Courtesy of the National Rhythm & Blues Hall of Fame
Courtesy of the National Rhythm & Blues Hall of Fame

Fifty years in the making, the National Rhythm & Blues Hall of Fame (NRBHF) is coming to life.

Founded in 2010, NRBHF will now have a permanent home in a state-of-the-art facility in Marks, Mississippi, according to its founder and CEO LaMont Robinson. 

The body has inducted 200 artists including R&B icons like James Brown, Aretha Franklin and B.B. King.  

The City of Marks-Quitman County has donated five acres of land known as Industrial Park and $500,000 from a state grant to jump-start what they call a one-of-a-kind international tourist attraction. 

Robinson said NRBHF has additional partners to assist with funding and is currently conducting a Go Fund Me campaign to help complete this project. 

The NRBHF’s groundbreaking ceremony will kick off the Annual Mules & Blues Fest on Sept. 30.  

“I have been a long-time activist and advocate for preserving the history of rhythm and blues music and its legends. There is no other hall of fame in the world that is primarily focused and dedicated to the history of R&B music on a national scale,” Robinson said. 

“This project won’t just be made up of showcases and photographs on the wall like you would find in a typical hall of fame or museum,” he said. “It will be highly interactive – virtual reality with holograms.”

Robinson continued that his vision is to build an R&B Hall of Fame that acknowledges its contributions to the Civil Rights Movement.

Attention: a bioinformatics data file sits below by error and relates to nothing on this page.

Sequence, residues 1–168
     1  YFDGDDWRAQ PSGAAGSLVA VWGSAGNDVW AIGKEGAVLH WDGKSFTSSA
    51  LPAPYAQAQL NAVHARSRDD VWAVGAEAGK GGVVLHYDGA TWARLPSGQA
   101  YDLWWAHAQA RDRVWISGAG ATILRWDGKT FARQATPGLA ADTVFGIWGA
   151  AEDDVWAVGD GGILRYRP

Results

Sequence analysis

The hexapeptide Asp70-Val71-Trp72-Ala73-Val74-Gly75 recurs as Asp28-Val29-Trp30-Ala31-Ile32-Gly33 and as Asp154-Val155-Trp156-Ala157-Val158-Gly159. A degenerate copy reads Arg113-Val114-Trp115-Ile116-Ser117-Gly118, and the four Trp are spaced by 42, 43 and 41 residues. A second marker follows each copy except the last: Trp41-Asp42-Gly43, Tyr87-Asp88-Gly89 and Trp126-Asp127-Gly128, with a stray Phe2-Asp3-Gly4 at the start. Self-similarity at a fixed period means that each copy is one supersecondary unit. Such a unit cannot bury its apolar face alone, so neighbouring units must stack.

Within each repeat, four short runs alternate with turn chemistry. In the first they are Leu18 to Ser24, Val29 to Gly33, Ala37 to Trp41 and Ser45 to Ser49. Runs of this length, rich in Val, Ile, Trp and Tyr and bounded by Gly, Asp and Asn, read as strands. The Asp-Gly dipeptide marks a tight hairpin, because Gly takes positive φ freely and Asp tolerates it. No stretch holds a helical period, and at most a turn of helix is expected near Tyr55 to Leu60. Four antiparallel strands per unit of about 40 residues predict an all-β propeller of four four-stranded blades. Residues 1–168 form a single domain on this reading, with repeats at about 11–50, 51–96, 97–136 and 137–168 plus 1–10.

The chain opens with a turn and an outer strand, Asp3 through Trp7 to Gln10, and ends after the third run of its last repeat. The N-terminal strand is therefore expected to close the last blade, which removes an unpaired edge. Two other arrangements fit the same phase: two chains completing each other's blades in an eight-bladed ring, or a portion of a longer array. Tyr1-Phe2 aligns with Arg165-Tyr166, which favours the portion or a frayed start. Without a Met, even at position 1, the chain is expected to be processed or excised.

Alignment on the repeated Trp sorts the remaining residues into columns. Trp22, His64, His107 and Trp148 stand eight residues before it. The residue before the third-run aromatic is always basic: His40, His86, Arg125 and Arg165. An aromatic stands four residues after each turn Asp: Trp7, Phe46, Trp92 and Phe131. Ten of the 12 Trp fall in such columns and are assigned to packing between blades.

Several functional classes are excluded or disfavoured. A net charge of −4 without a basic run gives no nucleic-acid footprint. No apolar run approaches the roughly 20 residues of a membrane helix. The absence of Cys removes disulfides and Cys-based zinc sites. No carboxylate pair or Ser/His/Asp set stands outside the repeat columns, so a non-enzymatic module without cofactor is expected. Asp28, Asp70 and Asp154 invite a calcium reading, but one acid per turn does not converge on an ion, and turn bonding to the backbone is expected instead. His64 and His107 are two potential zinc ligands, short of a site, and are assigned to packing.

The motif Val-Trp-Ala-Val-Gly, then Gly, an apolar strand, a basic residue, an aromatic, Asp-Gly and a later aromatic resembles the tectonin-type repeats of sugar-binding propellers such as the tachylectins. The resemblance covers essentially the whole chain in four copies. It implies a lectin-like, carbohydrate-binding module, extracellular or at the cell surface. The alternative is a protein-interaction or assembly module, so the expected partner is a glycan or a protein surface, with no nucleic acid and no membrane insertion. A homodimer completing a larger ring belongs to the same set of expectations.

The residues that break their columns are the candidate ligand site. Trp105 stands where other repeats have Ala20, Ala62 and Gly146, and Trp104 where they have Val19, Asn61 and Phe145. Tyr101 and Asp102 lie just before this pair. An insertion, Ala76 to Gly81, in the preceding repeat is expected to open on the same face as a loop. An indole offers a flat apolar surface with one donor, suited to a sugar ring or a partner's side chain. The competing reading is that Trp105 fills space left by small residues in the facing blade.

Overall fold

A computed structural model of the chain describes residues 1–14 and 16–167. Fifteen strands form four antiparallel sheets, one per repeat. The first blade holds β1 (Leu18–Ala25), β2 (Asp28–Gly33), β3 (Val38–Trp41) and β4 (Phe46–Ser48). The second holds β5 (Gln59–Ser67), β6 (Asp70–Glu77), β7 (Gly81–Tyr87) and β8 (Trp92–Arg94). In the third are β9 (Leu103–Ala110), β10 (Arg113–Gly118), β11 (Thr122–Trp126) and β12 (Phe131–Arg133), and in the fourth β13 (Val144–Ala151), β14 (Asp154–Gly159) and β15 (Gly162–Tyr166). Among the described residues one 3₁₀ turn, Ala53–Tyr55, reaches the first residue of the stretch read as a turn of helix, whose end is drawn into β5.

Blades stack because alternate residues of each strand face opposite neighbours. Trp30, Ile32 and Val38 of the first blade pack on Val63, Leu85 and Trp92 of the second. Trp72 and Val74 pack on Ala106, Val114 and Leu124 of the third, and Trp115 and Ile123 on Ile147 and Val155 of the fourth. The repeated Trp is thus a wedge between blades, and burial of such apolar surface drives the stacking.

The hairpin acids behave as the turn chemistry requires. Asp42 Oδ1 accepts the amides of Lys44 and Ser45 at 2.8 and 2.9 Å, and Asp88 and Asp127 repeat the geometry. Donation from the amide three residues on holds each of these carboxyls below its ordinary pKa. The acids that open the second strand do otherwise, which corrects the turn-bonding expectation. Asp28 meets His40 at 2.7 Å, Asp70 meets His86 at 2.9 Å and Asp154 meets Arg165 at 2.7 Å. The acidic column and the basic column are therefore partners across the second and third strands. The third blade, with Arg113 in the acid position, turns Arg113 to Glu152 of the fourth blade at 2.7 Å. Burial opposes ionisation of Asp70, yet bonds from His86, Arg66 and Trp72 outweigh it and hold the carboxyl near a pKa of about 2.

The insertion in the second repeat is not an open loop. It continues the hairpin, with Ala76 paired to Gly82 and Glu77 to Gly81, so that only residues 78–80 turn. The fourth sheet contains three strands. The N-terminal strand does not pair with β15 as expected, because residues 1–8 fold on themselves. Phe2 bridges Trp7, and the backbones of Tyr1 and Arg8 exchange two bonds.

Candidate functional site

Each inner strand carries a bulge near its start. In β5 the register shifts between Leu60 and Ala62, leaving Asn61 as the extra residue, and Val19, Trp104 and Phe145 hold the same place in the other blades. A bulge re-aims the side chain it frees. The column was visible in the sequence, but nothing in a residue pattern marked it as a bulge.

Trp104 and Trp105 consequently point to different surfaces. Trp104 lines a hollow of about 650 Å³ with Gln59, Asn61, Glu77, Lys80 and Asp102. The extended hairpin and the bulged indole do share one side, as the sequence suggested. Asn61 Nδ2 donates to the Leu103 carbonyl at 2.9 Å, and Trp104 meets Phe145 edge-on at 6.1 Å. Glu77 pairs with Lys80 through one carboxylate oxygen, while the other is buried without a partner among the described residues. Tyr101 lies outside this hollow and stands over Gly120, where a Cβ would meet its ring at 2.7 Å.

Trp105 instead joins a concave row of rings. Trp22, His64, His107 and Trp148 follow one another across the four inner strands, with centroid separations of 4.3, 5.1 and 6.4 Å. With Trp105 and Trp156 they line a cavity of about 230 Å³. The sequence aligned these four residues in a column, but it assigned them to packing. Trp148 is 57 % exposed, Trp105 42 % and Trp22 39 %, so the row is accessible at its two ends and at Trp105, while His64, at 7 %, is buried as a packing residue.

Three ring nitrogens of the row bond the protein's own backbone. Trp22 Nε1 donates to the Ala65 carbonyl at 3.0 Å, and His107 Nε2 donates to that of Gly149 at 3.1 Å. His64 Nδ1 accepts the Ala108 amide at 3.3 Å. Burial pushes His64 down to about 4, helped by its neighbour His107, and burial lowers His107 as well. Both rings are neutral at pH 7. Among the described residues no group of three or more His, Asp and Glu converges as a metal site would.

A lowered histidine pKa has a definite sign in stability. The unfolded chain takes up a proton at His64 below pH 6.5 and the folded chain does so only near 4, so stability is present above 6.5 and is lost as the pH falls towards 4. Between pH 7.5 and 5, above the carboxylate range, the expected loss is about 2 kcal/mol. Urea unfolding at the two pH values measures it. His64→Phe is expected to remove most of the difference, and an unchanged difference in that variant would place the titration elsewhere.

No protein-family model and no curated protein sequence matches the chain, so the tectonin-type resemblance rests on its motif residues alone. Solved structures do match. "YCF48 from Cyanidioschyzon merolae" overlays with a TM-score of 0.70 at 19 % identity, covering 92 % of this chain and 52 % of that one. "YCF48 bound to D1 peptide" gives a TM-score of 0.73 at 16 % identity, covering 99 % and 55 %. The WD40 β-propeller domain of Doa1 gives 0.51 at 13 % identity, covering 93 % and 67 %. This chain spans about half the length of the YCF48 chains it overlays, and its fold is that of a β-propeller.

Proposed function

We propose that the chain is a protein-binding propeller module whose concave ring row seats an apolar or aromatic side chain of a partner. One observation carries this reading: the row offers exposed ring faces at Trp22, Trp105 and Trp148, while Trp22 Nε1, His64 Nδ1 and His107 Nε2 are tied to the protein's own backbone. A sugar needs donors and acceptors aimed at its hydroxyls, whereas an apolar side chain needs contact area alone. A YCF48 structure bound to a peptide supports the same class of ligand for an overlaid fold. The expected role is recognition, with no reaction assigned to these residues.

“R&B goes hand and hand with the Civil Rights Movement and one of the reasons for choosing Marks is the role that it played in Dr. Martin Luther King’s Poor People’s Campaign,” Robinson said. 

Congressman Bennie Thompson, who represents Mississippi’s second district, said the Hall of Fame will be a catalyst to Delta tourism growth and opportunities and a means to attract businesses and industry. 

“I am grateful to the founder and CEO LaMont Robinson and his board for having the vision to select Quitman County, which will be the “official home” of the National Rhythm & Blues Hall of Fame,” he said. 

Velma Benson-Wilson, Quitman County’s Economic and Tourism Director, echoed Thompson about the economic boost the Hall of Fame will bring for Marks-Quitman County and the state of Mississippi. 

According to NRBHF, Benson-Wilson is working on a congressional bill to honor rhythm and blues artists from the Jim Crow era. 

She also hopes to make Aug. 17 “Rhythm & Blues Artists’ Day.”

NRBHF said many National R&B Hall of Fame inductees have supported the hall of fame’s erection including Marshall Thompson of The Chi-Lites, blues legend Bobby Rush and Dionne Warwick, who was inducted in 2019. 

“First, let me say that I am honored to be included amongst the incredibly talented artists that hold the distinction of being inducted into the National Rhythm and Blues Hall of Fame,” Warwick said in a statement. 

“It goes without saying, that the importance of this Hall of Fame being established gives recognition to the bodies of music that we as artists have been able to share with many who have and continue to support our careers,” she said.

Sarafina Wright –Washington Informer Staff Writer

Sarafina Wright is a staff writer at the Washington Informer where she covers business, community events, education, health and politics. She also serves as the editor-in-chief of the WI Bridge, the Informer’s...

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